First Circuit Discusses Split re Whether a State Drug Offense is an “Aggravated Felony” under the Immigration and Naturalization Act

Per Berhe v. Gonzales, 464 F.3d 74 (1st Cir. Sep 26, 2006):

The INA [Immigration and Naturalization Act] establishes a comprehensive list of offenses that qualify as aggravated felonies. . . . Included in this list is "illicit trafficking in a controlled substance (as defined in section 802 of Title 21), including a drug trafficking crime (as defined in section 924(c) of Title 18) .... whether in violation of State or Federal law." 8 U.S.C. § 1101(a)(43)(B) (emphasis added). . . .

The Board [of Immigration Appeals] has interpreted § 1101(a)(43)(B) to provide two paths for arriving at an aggravated felony finding. The first route is based on the "illicit trafficking in a controlled substance" language, and is not relevant to these cases. . . . The second route is premised on the language "drug trafficking crime" as defined in 18 U.S.C. § 924(c)(2). The Board concluded in Matter of Davis, 20 I & N Dec. 536, 1992 WL 443920 (BIA 1992), that in terms of the "drug trafficking crime" route, any state drug offense, whether classified as a felony or misdemeanor in that state, is an aggravated felony if the same conduct would have been punishable as a felony if charged under one of the three federal statutes enumerated in § 924(c)(2). Id. at 543; see also Gerbier v. Holmes, 280 F.3d 297, 306 (3d Cir.2002) This methodology is sometimes referred to as the "hypothetical federal felony" approach. See Gerbier, 280 F.3d at 306. . . . [U]nder the Board's strict "hypothetical federal felony" approach, the phrase "drug trafficking crime" meant any conviction punishable by more than one year of imprisonment under one of the federal drug laws.

This approach has received mixed reviews from the circuit courts. In the civil immigration context, several circuits have adopted the Board's hypothetical federal felony approach. E.g., Gonzales-Gomez v. Achim, 441 F.3d 532, 534-36 (7th Cir.2006); United States v. Palacios-Suarez, 418 F.3d 692, 698-700 (6th Cir.2005); Cazarez-Gutierrez v. Ashcroft, 382 F.3d 905, 912-18 (9th Cir.2004); Gerbier, 280 F.3d at 308-12; Aguirre v. INS, 79 F.3d 315, 317-18 (2d Cir.1996). Under this approach, the underlying state classification of the offense is irrelevant. The circuits that have adopted this approach emphasize that focusing solely on federal law properly accounts for the need to apply the nation's immigration laws uniformly, and that an approach that allows the vagaries of state law to influence the determination would defeat this purpose. See, e.g., Achim, 441 F.3d at 535; Gerbier, 280 F.3d at 311-12.

At least two circuits have taken a more flexible approach. These circuits hold that a state conviction constitutes an "aggravated felony" if it (1) is punishable under one of the federal drug enforcement statutes, and (2) is a hypothetical federal felony or is a felony under the law of the convicting state. E.g., Lopez v. Gonzales, 417 F.3d 934, 936-37 (8th Cir.2005), cert. granted, --- U.S. ----, 126 S.Ct. 1651 (2006); United States v. Hernandez-Avalos, 251 F.3d 505, 507-08 (5th Cir.2001). This "dual approach" derives from circuit decisions interpreting the meaning of "aggravated felony" in the criminal sentencing context.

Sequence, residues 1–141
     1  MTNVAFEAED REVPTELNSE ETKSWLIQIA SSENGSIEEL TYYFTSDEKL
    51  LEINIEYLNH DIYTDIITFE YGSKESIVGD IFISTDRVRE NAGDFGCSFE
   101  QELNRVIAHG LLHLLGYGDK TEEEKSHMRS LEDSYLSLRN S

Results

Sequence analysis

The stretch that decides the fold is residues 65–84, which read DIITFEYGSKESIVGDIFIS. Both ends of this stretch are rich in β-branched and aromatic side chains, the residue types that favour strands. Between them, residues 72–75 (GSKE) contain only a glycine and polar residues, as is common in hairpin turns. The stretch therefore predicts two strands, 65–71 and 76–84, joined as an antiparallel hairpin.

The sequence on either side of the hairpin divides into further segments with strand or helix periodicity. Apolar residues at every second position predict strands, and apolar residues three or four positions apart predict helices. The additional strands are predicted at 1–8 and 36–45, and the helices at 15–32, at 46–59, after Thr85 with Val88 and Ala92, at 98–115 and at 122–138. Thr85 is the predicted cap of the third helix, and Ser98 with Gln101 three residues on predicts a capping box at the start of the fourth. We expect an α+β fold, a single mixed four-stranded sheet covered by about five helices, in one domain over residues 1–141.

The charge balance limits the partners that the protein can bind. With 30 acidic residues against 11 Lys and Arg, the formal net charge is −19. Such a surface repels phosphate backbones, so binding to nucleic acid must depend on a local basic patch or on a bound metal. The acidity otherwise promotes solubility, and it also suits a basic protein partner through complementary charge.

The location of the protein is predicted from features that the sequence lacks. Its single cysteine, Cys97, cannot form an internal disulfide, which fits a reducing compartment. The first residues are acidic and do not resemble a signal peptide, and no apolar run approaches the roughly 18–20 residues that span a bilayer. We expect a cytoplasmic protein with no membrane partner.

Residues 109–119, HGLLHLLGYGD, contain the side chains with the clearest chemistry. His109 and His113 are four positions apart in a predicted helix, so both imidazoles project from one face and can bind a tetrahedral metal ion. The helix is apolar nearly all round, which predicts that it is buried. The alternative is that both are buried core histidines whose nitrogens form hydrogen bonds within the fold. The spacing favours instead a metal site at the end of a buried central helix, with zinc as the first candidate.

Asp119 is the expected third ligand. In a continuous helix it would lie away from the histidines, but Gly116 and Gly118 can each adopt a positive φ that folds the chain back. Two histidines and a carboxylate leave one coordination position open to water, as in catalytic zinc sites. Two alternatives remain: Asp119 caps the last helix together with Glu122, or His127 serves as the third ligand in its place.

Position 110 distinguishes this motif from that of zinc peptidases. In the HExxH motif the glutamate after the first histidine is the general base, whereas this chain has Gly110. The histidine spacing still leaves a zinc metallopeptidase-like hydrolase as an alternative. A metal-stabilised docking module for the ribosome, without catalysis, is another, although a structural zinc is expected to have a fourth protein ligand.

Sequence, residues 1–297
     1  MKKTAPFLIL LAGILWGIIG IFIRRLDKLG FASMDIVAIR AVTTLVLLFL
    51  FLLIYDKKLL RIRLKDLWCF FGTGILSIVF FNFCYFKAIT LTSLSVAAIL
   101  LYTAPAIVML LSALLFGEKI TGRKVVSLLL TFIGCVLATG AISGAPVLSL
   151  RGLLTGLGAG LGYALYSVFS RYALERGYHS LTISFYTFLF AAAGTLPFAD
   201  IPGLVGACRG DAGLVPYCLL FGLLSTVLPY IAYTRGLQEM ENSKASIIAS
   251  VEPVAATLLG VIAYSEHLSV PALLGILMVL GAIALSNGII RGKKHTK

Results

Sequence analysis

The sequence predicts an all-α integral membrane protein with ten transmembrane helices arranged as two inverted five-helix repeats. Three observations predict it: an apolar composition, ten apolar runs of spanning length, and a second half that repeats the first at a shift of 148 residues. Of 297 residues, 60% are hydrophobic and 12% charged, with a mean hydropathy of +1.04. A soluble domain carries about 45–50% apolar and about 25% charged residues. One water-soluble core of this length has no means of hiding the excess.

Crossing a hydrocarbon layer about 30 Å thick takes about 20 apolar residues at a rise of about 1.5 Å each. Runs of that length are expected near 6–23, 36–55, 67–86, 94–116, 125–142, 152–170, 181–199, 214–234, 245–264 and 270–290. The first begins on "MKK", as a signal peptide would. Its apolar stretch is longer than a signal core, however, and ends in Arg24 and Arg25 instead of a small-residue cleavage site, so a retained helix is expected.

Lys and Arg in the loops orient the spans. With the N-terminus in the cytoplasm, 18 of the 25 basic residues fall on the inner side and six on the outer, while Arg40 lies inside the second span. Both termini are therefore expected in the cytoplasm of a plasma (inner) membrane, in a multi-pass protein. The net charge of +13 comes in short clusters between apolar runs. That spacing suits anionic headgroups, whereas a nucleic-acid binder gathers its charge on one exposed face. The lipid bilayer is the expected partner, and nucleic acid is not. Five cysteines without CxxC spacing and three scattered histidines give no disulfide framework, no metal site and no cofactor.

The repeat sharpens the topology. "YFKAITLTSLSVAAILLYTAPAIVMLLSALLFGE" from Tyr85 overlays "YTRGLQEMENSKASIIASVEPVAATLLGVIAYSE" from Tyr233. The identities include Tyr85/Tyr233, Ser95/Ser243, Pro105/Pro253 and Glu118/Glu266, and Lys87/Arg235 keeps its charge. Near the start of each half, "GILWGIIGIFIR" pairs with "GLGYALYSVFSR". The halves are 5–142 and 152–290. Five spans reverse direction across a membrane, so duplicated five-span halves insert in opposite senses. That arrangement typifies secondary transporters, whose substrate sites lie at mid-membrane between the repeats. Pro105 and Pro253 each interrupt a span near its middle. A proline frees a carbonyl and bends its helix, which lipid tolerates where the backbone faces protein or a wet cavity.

In light of the split in circuit authority, the Board retreated from strictly applying the hypothetical federal felony approach in all cases, in favor of applying the approach of the circuit in which the case before it originated. See In re Yanez-Garcia, 23 I & N Dec. 390, 396-98, 2002 WL 993589 (BIA 2002). In those circuits that have not definitively ruled on the issue, the Board follows the position taken by the majority of the circuits in criminal sentencing cases--the dual approach. Id.

. . .

[W]e conclude that the Board was correct to employ the hypothetical federal felony methodology outlined in Amaral v. INS, 977 F.2d 33 (1st Cir.1992). For the purposes of determining whether a state drug offense is an "aggravated felony" under the INA, our circuit precedent permits an analysis that considers whether the underlying offense would have been punishable as a felony under federal law. As discussed above, we are not alone. While there is disagreement concerning whether it is permissible to consult state law in making the aggravated felony determination, as far as we can tell, all the circuits to have considered the issue agree that a state drug offense that would be punishable as a felony under the CSA is a "drug trafficking crime" under § 924(c)(2). To our knowledge, no circuit has endorsed the approach urged here--requiring that the underlying offense be a felony under state law.


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